6.   Challenges and Obstacles in Implementing Transitional Justice in Syria:

The first obstacle towards transitional justice in Syria is the presence of multiple international and regional parties to the conflict, that committed grave human rights violations against citizens. Beside the military forces and security services of the Syrian government, several parties were/are involved in various forms of violence against the Syrians, such as the Russian military forces,[25] the global coalition forces led by the United States of America,[26] the Turkish military and security forces,[27] the Iranian Revolutionary Guard forces and the Iraqi, Lebanese and Afghan militias associated with it,[28] as well as the armed groups mentioned in the list of designated terrorist groups, such as the Islamic State of Iraq and the Levant (ISIS),[29] al-Qaida and its affiliates (al Nusra Front/Hayat Tahrir al-Sham),[30] in addition to the Free/National Syrian Army factions[31] and the Syrian Democratic Forces.[32] Some of these factions no longer exist or have the same power, such as ISIS and other extremist armed groups.

Moreover, there are parties that interfere in the constitutional process in Syria and set conditions and vetoes on the presence and participation of some parties. The planning for transitional justice in Syria is not controlled by the Syrians only, but also by the parties involved in the crisis in the first place. This threatens the ability to implement all components of transitional justice and hold various parties to the conflict accountable for the crimes they committed in Syria.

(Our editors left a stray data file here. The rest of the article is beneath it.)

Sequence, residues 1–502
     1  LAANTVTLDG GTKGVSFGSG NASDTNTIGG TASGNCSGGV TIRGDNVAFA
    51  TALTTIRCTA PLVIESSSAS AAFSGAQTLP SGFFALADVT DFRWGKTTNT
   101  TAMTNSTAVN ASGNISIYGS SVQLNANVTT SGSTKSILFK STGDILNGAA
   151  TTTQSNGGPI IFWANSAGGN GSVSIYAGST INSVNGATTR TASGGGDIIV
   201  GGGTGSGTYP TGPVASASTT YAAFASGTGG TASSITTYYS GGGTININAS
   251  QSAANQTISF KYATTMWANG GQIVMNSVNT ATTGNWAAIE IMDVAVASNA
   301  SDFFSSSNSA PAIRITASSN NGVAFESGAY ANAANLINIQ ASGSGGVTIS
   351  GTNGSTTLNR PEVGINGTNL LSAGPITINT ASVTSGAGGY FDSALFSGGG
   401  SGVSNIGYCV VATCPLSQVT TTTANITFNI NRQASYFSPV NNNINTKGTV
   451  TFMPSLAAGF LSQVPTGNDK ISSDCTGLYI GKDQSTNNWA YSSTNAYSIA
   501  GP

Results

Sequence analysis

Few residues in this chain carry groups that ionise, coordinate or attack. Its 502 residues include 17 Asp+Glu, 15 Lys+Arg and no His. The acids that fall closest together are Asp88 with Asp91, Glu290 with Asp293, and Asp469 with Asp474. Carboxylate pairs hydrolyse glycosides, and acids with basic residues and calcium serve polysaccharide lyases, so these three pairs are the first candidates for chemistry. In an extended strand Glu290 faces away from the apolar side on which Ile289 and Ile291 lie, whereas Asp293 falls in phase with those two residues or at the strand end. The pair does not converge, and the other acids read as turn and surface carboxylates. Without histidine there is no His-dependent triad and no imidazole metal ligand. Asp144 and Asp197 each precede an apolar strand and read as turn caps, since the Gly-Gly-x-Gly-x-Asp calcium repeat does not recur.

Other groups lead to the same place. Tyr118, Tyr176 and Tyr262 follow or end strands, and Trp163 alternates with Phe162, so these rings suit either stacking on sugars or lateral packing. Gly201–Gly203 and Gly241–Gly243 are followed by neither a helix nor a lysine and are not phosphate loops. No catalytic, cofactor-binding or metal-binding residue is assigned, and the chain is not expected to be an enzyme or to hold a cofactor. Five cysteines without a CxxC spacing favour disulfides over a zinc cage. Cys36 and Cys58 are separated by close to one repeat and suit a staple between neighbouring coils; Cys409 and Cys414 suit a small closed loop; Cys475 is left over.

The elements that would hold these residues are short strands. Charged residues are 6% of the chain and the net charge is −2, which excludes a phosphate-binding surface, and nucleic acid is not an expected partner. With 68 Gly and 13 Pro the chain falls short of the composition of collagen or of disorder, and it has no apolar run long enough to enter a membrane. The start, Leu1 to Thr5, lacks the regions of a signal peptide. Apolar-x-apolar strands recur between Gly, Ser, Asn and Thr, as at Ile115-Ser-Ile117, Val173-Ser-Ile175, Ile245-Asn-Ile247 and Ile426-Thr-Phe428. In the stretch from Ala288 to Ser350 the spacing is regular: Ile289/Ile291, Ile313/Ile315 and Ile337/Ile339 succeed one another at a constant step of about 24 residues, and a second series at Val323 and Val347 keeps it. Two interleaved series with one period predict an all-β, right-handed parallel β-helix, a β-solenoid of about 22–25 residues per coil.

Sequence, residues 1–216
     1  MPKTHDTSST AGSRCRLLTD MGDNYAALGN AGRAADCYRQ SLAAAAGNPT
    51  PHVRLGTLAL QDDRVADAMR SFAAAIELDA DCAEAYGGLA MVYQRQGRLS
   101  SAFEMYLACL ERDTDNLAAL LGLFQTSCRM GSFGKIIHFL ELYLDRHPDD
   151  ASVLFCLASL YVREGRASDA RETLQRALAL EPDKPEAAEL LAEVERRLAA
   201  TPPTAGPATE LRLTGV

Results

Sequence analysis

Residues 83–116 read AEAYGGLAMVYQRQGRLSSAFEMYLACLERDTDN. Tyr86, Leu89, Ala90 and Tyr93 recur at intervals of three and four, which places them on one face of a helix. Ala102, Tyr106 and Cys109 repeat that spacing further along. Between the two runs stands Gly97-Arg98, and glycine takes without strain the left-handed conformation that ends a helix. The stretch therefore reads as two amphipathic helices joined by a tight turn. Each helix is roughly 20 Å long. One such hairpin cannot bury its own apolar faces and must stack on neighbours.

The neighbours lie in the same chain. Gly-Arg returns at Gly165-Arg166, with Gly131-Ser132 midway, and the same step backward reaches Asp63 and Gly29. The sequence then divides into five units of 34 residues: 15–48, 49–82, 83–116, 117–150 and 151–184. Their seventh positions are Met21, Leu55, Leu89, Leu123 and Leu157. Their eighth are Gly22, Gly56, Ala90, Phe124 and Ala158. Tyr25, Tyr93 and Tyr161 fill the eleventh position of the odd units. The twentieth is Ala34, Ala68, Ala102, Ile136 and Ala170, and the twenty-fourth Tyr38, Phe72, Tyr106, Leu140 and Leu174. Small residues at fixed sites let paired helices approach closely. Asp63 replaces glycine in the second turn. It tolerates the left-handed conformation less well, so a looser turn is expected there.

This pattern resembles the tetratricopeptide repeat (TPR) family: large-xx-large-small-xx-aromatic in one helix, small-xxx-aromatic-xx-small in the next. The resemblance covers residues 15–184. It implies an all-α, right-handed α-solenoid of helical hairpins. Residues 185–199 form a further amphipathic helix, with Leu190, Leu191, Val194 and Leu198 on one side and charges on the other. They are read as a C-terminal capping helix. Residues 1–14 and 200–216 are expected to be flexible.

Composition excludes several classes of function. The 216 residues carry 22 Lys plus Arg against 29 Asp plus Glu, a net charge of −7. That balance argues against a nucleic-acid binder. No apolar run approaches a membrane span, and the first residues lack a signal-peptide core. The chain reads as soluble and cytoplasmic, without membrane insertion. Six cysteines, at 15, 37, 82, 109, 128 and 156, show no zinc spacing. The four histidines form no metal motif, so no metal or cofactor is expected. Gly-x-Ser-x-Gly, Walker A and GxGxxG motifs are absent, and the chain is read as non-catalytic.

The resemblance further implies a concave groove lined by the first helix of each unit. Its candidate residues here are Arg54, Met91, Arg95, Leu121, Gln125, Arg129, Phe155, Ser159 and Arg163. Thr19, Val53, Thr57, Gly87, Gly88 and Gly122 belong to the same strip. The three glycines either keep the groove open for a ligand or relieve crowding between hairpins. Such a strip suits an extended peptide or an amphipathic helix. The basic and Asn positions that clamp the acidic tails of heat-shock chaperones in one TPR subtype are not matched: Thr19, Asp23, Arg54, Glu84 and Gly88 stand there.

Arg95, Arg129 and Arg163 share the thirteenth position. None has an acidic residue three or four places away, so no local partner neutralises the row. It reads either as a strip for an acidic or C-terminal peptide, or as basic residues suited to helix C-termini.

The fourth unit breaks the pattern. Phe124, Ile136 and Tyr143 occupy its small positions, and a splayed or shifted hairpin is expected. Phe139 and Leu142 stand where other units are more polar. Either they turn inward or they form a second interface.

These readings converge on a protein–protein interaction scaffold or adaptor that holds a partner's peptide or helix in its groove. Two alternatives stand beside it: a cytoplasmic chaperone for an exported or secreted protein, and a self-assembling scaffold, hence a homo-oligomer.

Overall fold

Certainly, the cornerstone of the transition process in Syria is the political will, which is achieved either through an internal national consensus and a national reconciliation process or imposed by the international community and through active and influential countries. In the Syrian context, there is an absence of this will, whether at the local level between the conflicting parties or among the influential international and regional parties, such as Russia, Turkey, and Iran.